Bitcoin introduced to the world the concept of a blockchain. Since the early days of blockchain, the buzz around a decentralized transparent society has grown so much we all know the disruptive changes it could bring to society, but that’s about it, just the possibility, the what if, the theory. Even after 10 years of its introduction, we are still in the very early stages of this technology and I will try to explain what has happened so far in the industry.
A lot of what is being developed right now is the backbone of what this technology will bring to the masses in the future. Is not ready for mass adoption, just yet, but that doesn’t mean that we shouldn’t consider current development as important and significant. I would like to compare the development that is currently happening with the development from the 70’s when few companies were developing the foundations for the internet. The differences are radical though. The internet around that time was being developed privately. Only some people around the world were working on the early stages of the internet. Now, thousands of people are working on developing the new layer for the digital age and so that’s why we need to understand that, if things took time back then figuring out a system than came out to be centralized (even if the original plans for the internet were decentralized) taking the task of decentralizing industries will maybe take twice as time, but having a lot of developers on board, a lot of blockchains with different and innovative proposals is helping speeding up the process. Cryptocurrencies and blockchain are evolving publicly, and that’s why we get to see such early stages of the game.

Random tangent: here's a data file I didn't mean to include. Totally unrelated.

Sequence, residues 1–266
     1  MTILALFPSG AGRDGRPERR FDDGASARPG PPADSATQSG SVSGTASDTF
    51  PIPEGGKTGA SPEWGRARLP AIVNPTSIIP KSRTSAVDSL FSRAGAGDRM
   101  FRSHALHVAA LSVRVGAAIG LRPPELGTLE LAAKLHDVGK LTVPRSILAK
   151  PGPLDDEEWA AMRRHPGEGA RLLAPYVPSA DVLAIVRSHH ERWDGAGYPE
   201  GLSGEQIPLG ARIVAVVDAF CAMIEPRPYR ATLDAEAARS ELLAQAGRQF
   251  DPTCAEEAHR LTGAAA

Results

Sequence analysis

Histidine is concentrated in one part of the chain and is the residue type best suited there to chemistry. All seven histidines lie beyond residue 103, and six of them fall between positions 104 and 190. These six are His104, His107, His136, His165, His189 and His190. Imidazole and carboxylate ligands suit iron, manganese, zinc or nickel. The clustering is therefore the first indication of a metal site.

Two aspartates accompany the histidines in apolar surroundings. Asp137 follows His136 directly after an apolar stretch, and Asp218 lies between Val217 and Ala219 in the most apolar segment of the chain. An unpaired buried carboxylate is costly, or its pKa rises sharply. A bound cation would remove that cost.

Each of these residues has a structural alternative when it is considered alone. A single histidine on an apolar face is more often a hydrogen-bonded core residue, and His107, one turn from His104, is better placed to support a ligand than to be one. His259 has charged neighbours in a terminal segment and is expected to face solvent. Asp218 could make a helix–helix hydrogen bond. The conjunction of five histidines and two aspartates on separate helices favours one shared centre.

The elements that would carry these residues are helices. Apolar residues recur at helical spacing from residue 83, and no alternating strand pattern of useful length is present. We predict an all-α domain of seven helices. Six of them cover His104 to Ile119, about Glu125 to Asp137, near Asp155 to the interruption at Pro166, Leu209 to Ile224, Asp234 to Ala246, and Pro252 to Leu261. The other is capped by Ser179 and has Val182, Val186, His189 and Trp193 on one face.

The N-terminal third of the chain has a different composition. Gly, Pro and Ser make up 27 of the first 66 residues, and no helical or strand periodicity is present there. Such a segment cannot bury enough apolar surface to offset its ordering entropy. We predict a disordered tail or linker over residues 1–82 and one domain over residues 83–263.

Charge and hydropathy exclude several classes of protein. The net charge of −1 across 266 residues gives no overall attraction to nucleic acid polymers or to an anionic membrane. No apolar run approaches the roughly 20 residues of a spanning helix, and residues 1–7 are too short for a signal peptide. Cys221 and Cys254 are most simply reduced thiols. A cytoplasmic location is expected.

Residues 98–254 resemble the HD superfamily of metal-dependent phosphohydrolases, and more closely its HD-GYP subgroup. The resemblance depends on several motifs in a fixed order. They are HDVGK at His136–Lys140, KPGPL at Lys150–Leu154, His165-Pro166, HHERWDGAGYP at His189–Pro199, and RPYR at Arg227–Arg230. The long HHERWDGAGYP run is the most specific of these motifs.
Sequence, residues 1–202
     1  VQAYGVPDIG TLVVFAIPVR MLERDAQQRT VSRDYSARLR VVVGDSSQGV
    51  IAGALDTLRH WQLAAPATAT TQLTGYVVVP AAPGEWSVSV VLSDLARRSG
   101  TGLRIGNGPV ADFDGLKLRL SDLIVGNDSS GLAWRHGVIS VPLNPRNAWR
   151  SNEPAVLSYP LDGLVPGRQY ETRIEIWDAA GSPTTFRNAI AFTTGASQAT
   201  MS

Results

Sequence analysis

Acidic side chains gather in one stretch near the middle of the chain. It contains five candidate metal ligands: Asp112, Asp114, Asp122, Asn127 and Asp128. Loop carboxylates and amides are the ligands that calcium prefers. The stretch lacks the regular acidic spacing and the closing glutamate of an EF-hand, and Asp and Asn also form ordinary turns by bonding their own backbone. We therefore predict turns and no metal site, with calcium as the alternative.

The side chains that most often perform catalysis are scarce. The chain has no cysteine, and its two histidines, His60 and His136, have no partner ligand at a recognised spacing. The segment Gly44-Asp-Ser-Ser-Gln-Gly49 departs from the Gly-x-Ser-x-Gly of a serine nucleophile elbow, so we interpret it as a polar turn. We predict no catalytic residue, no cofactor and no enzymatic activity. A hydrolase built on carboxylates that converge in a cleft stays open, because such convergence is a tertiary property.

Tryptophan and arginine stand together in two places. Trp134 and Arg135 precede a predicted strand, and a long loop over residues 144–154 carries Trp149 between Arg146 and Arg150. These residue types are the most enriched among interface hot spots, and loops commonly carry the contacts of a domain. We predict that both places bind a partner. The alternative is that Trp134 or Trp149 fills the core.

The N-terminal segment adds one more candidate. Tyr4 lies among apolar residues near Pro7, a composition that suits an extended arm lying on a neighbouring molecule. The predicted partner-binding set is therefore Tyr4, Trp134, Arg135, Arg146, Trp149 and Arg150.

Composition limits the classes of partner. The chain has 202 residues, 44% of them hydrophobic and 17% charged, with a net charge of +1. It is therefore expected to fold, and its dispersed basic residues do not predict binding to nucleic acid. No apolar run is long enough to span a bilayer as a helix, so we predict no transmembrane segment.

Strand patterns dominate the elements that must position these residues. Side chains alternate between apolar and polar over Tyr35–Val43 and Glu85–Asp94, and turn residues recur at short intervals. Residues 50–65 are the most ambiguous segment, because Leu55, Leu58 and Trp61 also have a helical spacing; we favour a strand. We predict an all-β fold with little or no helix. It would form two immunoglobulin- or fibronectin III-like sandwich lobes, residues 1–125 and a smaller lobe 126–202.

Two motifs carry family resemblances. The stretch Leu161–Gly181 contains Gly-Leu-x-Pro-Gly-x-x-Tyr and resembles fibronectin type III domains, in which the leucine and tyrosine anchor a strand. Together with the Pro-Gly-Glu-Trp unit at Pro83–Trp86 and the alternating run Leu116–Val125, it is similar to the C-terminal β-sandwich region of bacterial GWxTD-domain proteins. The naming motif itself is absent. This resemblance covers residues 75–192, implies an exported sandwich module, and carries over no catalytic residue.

There’s 3 types of coins/tokens so far
We have cryptocurrencies that focus in payments, being a store of value and therefore could be considered to fit more smoothly under current regulations. Cryptocurrencies like Bitcoin, Ethereum, Monero, Zcash, etc, all seem to address this functionality with each one having a certain distinctive quality. The emission for these coins is also another factor that characterize them. They are usually released to the public to mine and be part of the rewards so they act as a global protocol. The majority of them had a premine to sustain the short term birth of the coin but then the rest is purely determined by the community that adopts the protocol. This is the main difference with tokens, that are emitted by a company and are completely minted from the beginning, or if not, at least created solely by the company. So I think that cryptocurrencies have a long term future in the whole blockchain ecosystem because of their nature.
And then we have utility tokens that provide a benefit, access and a function in their ecosystem. Whether is the ability to play a game, secure identities, storage data or access a platform, they all have one thing in common: to fuel the ecosystem they are being part of. They, currently, only speculate in the long term value of their networks because they rely in supply and demand principles to become sustainable in the long run, but because most of utility tokens are issued by startups, they could be considered as utility tokens, sometimes as securities because of their ability of staking and other not so common principles found in today’s common assets so their regulatory frame is quite tricky. They represent a new innovative way for businesses to fuel their own ecosystems so I think that’s pretty innovative in its own way.